J.C. Penney's (OTC:JCPN.Q) stock plunged after the company reported weak second-quarter results last month, and shares are down about 36% so far this year. Comments by the struggling retailer's leadership team during its earnings call did little to assuage investors' fears regarding a rough road ahead. Read on to see why J.C. Penney's stock remains fraught with risk.

Competitors' woes may provide only short-lived gains

As we advance our efforts to capture available market share, we will launch 500 baby shops later this month. We will now offer an expanded in-store assortment of baby hard goods and accessories such as cribs, high chairs, strollers, car seats, diaper bags, bottles, and more. We will also deliver enhanced presentations in workwear and in toys, and partner with key national brands that are now looking for new channels to grow their business.
-- CFO Jeff Davis

Toys R Us' bankruptcy is providing J.C. Penney with a chance to gain share in the $20 billion U.S. toy market. But an even better opportunity may lie in baby-related items. As my colleague Rich Duprey notes, the Babies R Us chain and baby gear within its toy stores made up more than a third of Toys R Us' domestic revenue.

J.C. Penney is attempting to seize this opportunity by rolling out baby-focused shops at 500 of its stores, many of which are located near recently closed Babies R Us stores. "The baby care business is expected to reach over $13 billion by 2021 and we are seizing this opportunity to pursue available market share and aggressively go after the baby customer with these new shops," senior VP James Starke said in a press release.

Yet while these new baby shops may provide a temporary sales boost, their long-term success is not assured. J.C. Penney has enacted a similar strategy with appliances in an attempt to win sales that are being lost by Sears Holdings, as the distressed retailer continues to shutter stores. But although appliances provided a short-term pop in revenue in previous quarters, appliance sales were actually lower in the second quarter than in the year-ago period. So while toys and baby-related sales will likely help in the quarters ahead, they may not have as large of a long-term impact as J.C. Penney's investors are hoping for.

A crying baby

Baby shops may not be a boon for J.C. Penney. Image source: Getty Images.

Bloated inventory and declining margins are denting profits

... [T]he team is taking immediate action to right size our inventory, including an expectation to reduce enterprise inventory by at least $250 million by the end of fiscal 2019 and better curate our assortment ... in-store and online.
-- Davis

J.C. Penney's sales were softer than management expected in the second quarter, forcing the company to offer discounts to clear out excess seasonal inventory. That dented profitability, with J.C. Penney's gross margin falling 1.6 percentage points year over year to 33.7%.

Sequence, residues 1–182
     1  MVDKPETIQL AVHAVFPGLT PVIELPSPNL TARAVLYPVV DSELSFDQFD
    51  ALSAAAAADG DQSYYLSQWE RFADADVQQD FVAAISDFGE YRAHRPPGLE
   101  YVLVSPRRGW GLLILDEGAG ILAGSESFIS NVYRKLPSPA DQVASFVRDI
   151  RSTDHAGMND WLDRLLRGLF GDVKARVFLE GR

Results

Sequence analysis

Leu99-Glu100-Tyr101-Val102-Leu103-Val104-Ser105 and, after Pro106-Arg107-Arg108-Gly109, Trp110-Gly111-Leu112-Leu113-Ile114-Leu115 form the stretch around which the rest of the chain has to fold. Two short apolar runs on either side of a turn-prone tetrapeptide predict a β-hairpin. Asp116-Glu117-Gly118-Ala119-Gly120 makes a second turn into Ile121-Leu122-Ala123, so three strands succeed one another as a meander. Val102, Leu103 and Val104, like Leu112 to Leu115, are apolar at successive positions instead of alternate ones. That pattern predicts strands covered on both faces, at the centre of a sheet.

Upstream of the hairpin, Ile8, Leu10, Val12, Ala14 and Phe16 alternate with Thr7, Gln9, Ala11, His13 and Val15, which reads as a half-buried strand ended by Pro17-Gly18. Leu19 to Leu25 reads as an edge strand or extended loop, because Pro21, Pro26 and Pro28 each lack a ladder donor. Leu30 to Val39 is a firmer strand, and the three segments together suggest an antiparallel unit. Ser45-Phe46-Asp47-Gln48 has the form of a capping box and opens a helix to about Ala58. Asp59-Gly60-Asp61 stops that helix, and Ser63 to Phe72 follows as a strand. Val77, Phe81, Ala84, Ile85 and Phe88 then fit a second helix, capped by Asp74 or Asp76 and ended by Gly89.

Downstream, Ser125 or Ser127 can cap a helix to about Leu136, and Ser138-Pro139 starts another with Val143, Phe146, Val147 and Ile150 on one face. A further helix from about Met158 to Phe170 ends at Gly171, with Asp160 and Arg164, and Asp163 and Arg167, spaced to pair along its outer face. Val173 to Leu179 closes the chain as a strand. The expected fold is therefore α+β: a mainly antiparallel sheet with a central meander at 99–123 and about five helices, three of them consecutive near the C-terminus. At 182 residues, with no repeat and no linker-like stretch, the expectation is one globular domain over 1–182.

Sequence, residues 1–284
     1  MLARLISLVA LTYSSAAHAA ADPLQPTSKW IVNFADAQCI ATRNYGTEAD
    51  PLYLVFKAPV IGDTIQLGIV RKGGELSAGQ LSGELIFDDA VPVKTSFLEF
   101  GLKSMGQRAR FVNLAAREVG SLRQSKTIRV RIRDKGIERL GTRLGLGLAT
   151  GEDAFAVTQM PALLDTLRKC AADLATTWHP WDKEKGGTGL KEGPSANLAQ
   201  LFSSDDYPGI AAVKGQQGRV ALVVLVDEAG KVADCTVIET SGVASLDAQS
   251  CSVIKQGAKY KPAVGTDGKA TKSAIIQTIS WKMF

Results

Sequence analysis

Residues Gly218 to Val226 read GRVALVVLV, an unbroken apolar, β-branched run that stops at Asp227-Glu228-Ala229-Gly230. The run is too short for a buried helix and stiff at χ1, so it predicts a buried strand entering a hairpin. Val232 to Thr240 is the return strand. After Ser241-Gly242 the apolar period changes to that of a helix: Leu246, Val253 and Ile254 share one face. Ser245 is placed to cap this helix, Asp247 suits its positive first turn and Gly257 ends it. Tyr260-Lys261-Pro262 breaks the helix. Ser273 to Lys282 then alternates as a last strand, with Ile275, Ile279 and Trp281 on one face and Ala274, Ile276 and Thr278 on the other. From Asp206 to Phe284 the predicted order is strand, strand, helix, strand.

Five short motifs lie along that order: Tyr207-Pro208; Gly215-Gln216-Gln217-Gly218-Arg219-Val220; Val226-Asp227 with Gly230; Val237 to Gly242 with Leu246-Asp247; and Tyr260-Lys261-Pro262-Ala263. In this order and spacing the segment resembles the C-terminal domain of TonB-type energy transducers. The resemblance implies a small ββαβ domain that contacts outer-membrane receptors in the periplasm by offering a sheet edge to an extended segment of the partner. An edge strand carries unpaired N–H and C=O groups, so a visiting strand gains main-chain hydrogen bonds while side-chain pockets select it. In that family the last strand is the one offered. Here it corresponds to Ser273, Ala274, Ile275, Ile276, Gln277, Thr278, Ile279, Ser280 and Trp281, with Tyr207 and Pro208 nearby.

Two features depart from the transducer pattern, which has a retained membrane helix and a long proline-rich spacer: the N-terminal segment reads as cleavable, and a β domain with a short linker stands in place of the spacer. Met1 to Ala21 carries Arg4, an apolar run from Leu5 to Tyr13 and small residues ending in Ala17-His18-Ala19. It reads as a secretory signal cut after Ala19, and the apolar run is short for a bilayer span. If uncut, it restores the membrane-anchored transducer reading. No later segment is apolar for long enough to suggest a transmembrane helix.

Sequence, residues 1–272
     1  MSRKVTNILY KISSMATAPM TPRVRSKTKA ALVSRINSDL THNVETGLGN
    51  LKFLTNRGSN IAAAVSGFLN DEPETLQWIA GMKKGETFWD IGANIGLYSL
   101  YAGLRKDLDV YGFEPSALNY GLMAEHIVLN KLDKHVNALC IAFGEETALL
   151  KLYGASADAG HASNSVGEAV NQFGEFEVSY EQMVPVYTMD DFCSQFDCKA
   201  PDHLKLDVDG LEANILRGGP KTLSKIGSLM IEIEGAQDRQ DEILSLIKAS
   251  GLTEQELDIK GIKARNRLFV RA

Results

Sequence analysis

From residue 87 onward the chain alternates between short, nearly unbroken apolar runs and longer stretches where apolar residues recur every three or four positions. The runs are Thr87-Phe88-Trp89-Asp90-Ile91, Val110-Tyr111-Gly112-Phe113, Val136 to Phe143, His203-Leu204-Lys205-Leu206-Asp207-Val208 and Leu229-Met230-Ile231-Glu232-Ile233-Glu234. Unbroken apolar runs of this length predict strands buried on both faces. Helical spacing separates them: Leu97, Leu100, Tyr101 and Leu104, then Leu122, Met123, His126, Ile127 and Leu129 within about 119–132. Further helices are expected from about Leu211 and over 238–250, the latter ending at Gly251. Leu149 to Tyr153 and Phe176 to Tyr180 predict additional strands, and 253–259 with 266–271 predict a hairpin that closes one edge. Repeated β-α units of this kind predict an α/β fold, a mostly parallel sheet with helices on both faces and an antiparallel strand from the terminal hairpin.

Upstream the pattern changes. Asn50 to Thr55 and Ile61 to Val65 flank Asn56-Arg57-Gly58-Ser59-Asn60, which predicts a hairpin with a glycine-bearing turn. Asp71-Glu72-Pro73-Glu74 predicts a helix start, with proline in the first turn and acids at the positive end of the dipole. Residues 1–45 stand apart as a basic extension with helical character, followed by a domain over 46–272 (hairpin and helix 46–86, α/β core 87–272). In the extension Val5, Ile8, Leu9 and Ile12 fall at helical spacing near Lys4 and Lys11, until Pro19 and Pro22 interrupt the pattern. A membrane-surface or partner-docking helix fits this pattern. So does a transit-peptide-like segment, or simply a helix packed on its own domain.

More worrisome is that, as my colleague Adam Levine-Weinberg notes, this downturn continues a multiyear trend of margin erosion for J.C. Penney. Worse still, management expects gross margin to continue to fall in the quarters ahead. 

Davis said that J.C. Penney is investing in data analytics and consumer insights capabilities in order to better identify and adapt to shifting consumer trends. The company hopes that these investments -- combined with its inventory reduction initiatives -- will help sales and margins rebound in the near future. But merchandise selection and inventory management lie at the very core of retail, and J.C. Penney's failures in these vital areas paint a pessimistic picture of its ability to compete and win in an increasingly competitive retail environment.

Bankruptcy isn't imminent ... but remains a possible outcome

Now let's turn to our capital structure, liquidity position, and balance sheet. As expected, we utilized our ABL [asset-based lending] facility during the second quarter to fund a portion of our seasonal working capital needs and ended the quarter with $177 million in outstanding borrowings, a reduction of $174 million from the end of Q1. As such, our liquidity position at the end of the second quarter was approximately $2.2 billion. We expect to have liquidity in excess of $1.5 billion at our trough in November and over $2.2 billion in liquidity at year-end. Cash and cash equivalents at the end of the second quarter were $182 million.
-- Trent Kruse, head of investor relations

J.C. Penney has enough cash and lending capacity to fund its operations for the all-important holiday selling season. And with positive free cash flow, the struggling retailer should be able to ward off bankruptcy for the foreseeable future. That said, things could change -- quickly.

J.C. Penney is being strangled by more than $4 billion in debt. It will be difficult for the company to free itself of this heavy burden, particularly if sales remain sluggish and margins remain under pressure. Interest expense in the second quarter alone was $79 million. 

Moreover, J.C. Penney is producing tepid results during a time when consumer confidence and spending are strong. Should the economy enter a rough patch, the retailer's problems could get a lot worse -- and faster than many bulls currently expect. As such, investors may be best served by staying well clear of J.C. Penney's high-risk stock.

This article represents the opinion of the writer, who may disagree with the “official” recommendation position of a Motley Fool premium advisory service. We’re motley! Questioning an investing thesis -- even one of our own -- helps us all think critically about investing and make decisions that help us become smarter, happier, and richer.